How to Identify Strategic Referral Partners

strategic referral partners

In last week’s blog post, you received an eight-step process you can use to get more referral partners and encourage them to send you clients.

This week, I’m going to go into detail on how to identify the RIGHT strategic referral partners.

My name is Frederick Geiger, and I’m a BNI area director and a certified Duct Tape Marketing Consultant.

I specialize in helping people to get more referrals, and I rely on the strategy myself because it has the highest ROI of any marketing activity – IF you use it correctly, and partner with the right people.

That second element is often overlooked, but it’s extremely important to your success, partly because your choice of referral partners determines how many referrals you’ll receive.

Even if someone serves your ideal client in a way that complements your offer, they still might not be able to send you business!

There’s also the fact that giving referrals correctly is as important as getting them.

When you help your customers to find all the services and resources they need, you become much more valuable in their eyes, which increases the likelihood that they’ll recommend you or work with you again, so giving referrals can be as beneficial as receiving them.

But if you send your clients to the wrong people, they might never trust your advice again.

In this blog post, I’ll do a deep dive into how to choose the right strategic partners, form partnerships with them, and actually exchange referrals, so instead of knowing what to do but not how to do it, you’ll know exactly which steps to take in order to give and receive business.

Start by identifying what your clients need that your strategic referral partners can provide

For people to be able to send you clients, they need to be in touch with those clients. And for you to successfully give them referrals, they need to be selling something your customers actually want.

While it’s true that anyone you meet has the potential to encounter one of your ideal clients once in a while, you’ll get much better results if you work with people who already interact with dozens of those clients on a regular basis, and whose services complement or necessitate yours.

On top of helping you get more referrals, this also makes you more valuable, because your clients don’t just want your product or service – they want a RESULT. To get that result, they often need a whole product – and no, I’m not just referring to a single entire product.

What do I mean by ‘whole product?

When I was responsible for software product management, I became aware of the concept of the whole product.

The whole product wasn’t just a piece of software – it included the training, implementation, hardware and other services that were necessary for the business client to get the full use of the product. All too often, the software developers who worked for us didn’t get that concept.

Apple, on the other hand, took the concept of the whole product to insanely great new levels. The iPod became iTunes on a Mac, which then became Apple music. Then they added the App store for apps, which became a phone, and on and on until an entire ecosystem evolved out of what was originally a small white thing with 1,000 static songs on it.

The real value of the device came into being when thousands of software developers created apps. These apps are strategic partners.

In working with small business owners, many of whom are technicians operating a business, I’ve found that they often think like software developers – which is to say, they only think of the thing that they are selling.

But when you put them all together, it isn’t just music anymore – it’s a whole system of obtaining and listening to music, using millions of systems and conveniences that no one ever realized they wanted or needed until Apple offered them.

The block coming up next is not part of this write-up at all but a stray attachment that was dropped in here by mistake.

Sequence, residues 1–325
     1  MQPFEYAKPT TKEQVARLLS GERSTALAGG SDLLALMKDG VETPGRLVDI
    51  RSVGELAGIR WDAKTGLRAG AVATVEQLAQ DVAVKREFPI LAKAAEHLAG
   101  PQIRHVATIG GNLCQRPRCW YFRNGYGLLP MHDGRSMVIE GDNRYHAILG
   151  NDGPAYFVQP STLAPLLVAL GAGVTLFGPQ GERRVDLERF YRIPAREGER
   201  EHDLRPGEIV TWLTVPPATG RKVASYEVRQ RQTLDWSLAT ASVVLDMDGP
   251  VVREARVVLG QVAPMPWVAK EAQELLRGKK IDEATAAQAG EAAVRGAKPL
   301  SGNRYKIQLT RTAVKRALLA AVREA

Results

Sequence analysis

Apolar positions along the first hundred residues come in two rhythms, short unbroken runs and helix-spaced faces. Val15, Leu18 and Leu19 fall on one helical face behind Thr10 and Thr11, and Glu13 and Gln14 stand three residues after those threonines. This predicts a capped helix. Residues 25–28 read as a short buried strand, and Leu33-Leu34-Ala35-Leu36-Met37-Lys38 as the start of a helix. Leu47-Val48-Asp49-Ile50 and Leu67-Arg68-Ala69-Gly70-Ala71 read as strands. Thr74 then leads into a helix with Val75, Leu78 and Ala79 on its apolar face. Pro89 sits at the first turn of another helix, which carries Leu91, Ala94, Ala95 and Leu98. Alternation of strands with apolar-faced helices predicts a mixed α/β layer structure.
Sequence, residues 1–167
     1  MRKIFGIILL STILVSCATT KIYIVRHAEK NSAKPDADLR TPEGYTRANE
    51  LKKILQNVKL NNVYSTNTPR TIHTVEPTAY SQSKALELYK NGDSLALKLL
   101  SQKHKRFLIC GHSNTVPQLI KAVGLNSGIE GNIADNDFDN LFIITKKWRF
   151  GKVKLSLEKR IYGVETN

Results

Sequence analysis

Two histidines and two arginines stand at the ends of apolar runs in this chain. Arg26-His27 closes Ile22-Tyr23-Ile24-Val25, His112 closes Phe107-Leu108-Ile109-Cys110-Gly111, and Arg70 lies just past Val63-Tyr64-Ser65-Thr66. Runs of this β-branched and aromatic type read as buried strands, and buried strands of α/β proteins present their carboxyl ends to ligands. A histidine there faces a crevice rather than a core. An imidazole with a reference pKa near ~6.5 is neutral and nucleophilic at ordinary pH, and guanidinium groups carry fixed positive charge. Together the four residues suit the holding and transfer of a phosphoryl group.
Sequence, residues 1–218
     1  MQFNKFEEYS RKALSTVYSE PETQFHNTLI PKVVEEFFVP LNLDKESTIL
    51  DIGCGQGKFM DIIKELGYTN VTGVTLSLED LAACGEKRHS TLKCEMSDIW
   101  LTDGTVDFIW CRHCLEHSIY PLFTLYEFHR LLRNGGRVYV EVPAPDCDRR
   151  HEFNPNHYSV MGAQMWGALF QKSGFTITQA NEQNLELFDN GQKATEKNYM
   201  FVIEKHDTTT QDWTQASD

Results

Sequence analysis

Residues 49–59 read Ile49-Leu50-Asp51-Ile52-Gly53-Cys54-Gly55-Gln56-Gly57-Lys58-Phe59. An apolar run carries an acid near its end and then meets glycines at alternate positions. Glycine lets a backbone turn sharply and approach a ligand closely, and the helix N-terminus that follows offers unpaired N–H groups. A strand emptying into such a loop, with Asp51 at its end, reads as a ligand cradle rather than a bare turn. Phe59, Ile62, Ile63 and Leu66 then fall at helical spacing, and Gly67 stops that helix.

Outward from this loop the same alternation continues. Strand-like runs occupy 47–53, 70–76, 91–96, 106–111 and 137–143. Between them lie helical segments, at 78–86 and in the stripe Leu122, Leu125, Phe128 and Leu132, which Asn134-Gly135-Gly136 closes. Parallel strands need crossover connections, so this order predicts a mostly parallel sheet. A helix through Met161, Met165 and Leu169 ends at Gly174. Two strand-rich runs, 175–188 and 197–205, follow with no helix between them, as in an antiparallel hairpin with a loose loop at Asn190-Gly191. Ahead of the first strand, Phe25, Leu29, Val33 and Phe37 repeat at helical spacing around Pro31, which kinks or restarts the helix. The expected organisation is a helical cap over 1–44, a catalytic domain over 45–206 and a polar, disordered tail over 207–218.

You can accomplish the same goal, and stand head and shoulders above the crowd, by partnering with people who can give your clients a more comprehensive, effective and easy-to-use service than anyone else is offering.

If you aren’t sure what kinds of businesses complement yours, ask yourself these questions:

Q1. “What result do my clients want, what are all the steps and tools they need in order to get there, and do I provide all of that?”

Walk yourself through the customer’s journey, step by step. Do they get all the necessary steps from you, or do they have to look elsewhere for some of them?

Don’t just think about what you’re offering them now – think in terms of what they want, and the whole product they need to get that result.

Q2. “What do I often advise my clients to do that might require additional services or products?

For example, if you’re a business coach who helps entrepreneurs to be more productive and make more money while working fewer hours, you might advise them to hire a team. While you provide the advice, you don’t provide a team or the labor they’d perform.

That being the case, you could form strategic partnerships with a copywriter, a virtual assistant, and a graphic designer.

Here’s another example: You are a real estate agent, and you’re working with affluent baby boomers who are ready to downsize.

Your client might need a home stager to get the excess junk into storage so the house looks clean and fresh. They might also need a downsizing coach, like the one I met training in BNI yesterday, to help them with the process.

They will need different furniture in the downsized space and might want to have an auction to get rid of all the possessions they no longer want or need.

The list goes on and on, and often these service people meet your potential clients before you do, which means they can refer the clients to you. Use your imagination, and think about what a person in your clients’ position would need in addition to your services.

Q3. “What do my clients often purchase after or during our work together?”

Asking your clients that question can give you insight into what they need that you aren’t providing, so you know what products or services you want your referral partners to offer them.

It also lets you know which brands they trust, which is very important for choosing who you should entrust your valued clients to.

Speaking of which…

Partner with “best of class” providers who serve the same people you do.

It’s important to work with “best in class” providers – people who give their clients excellent service, and who have their trust and goodwill as a result.

Those companies will be better able to make referrals, because their clients like them, believe them, and are willing to act on their recommendations.